His visuals were often as erratic as his characters’ demeanors, in part because his comicbook work paid less than his earlier film and magazine assignments—no layouts, no comps, a system used by many, if not most, artists of the period. Is there some crime in the concept that less pay engenders less effort? Much of Gross’ panel work suggests he never redrew an image, that the first thought in his head was what he pummeled onto the page.
Sacrilegious? We’re not talking nuclear warheads here, Shlomo! Did it work? Sometimes, but too often his pages, figures, and narratives appear to have been knocked out with assembly-line expedience. To make page rate and deadlines, he undoubtedly worked from minimal pencil layouts and finished with a scribbly pen line. The end result—never as precise as that of many peers—surprisingly added to the raw vitality and fireball velocity of the work. It is that bottom line by which Gross’ material will ultimately be assessed.
Yet for all his originality and drive, he ignited no major revolution and had few overt imitators, except perhaps Fred Schwab, Frank Owen, and Victor Pazmino. The problem with Gross’ pedal-to-the-metal approach was that he rarely embraced rising and falling dramatic structure (a pacing device used to build tension, and which holds all stories—from jokes to epics—together). Instead, Gross barreled full throttle through almost all his comicbook tales either unaware or unconcerned that when everything is lightning-paced, nothing is lightning paced—aka speed without variety is boring. Johnny One-Note! On the other hand, it is clear that Gross had tampered indiscriminately with the Laws of Dramatic Pacing. He simply had his own screwball timing—and he was unabashedly masterful at it!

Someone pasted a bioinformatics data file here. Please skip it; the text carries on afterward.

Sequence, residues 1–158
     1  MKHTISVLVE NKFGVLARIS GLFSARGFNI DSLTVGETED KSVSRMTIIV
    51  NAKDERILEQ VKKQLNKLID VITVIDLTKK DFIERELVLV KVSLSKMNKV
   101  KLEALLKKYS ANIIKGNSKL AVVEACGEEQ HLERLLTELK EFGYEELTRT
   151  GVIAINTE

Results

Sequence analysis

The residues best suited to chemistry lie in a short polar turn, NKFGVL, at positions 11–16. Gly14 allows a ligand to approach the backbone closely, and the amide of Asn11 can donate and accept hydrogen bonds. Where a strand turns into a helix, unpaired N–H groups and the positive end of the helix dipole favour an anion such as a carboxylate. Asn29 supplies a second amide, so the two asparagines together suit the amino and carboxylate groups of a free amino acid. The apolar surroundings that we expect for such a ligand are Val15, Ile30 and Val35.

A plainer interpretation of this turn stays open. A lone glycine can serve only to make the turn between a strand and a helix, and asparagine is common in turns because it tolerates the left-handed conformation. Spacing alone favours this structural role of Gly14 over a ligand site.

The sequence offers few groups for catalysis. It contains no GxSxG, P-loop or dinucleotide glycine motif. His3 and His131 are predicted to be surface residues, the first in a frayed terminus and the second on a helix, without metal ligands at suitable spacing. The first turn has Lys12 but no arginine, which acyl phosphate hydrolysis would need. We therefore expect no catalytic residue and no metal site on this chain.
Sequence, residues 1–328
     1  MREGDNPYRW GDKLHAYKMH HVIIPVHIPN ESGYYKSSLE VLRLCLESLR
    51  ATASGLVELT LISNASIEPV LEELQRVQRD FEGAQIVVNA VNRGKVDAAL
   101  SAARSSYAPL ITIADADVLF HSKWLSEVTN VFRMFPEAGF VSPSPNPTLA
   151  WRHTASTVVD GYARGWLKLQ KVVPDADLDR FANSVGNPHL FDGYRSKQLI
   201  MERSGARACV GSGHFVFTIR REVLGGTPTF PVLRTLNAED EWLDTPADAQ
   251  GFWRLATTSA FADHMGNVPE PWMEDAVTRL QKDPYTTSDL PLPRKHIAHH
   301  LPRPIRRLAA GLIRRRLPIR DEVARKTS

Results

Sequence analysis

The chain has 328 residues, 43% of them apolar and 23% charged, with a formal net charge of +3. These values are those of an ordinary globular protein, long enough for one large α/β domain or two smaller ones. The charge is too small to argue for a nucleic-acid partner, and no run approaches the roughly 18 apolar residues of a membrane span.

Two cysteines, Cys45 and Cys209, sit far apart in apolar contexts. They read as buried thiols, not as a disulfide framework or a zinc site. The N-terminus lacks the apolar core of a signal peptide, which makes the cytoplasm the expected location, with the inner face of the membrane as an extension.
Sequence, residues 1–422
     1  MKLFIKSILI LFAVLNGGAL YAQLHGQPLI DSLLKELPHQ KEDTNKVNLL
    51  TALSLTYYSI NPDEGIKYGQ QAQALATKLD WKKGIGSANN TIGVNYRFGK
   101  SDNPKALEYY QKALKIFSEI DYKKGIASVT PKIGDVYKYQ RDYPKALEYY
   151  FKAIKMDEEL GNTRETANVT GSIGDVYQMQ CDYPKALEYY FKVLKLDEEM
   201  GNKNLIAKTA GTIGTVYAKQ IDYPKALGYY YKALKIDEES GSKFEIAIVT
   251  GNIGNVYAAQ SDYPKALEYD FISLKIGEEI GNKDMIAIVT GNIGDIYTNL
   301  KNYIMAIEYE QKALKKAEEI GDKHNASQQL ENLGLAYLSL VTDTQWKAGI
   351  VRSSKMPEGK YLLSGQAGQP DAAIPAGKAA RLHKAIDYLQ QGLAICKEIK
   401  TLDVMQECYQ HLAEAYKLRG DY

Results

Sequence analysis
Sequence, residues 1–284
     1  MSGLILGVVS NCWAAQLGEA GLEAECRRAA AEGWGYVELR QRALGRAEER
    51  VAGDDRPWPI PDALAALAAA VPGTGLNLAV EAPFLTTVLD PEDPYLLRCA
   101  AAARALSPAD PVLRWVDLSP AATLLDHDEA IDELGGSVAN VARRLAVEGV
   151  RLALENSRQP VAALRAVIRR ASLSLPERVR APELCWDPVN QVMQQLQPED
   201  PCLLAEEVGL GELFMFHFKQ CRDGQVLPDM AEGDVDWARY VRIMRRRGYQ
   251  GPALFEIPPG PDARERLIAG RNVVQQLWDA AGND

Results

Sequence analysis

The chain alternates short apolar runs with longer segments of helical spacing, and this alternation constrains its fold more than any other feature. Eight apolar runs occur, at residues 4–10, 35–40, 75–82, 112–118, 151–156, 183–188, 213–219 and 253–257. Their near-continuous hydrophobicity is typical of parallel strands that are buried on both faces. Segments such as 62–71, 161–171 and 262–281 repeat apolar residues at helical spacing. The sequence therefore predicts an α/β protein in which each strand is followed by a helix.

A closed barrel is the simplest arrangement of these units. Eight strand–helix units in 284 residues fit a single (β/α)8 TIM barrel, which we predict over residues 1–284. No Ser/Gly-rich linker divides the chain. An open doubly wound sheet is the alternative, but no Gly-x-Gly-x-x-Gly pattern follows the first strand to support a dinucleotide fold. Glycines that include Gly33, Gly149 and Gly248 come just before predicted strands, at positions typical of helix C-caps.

Across the World Wars, the period Gross rose to prominence, Zukor, Laemmle, and Mayer dominated the Hollywood arena. Kern, Gershwin, and Berlin paved Tin Pan Alley with hits. Cantor, Jolson, Brice, and the Marx Brothers defined the national entertainment scene. Considering the manic energy Gross invested in his dialogue, it is not unreasonable to imagine him (a doppleganger for Chaplin) harboring a latent desire to be a performer on stage, rather than a paper practitioner. (At the time of his death in 1953, Gross developed and completed two episodes of a children’s TV show, of which he was host.) Perhaps that is a clue to why his execution of the phonetic resonance and beat of ethnic speech is still unequalled.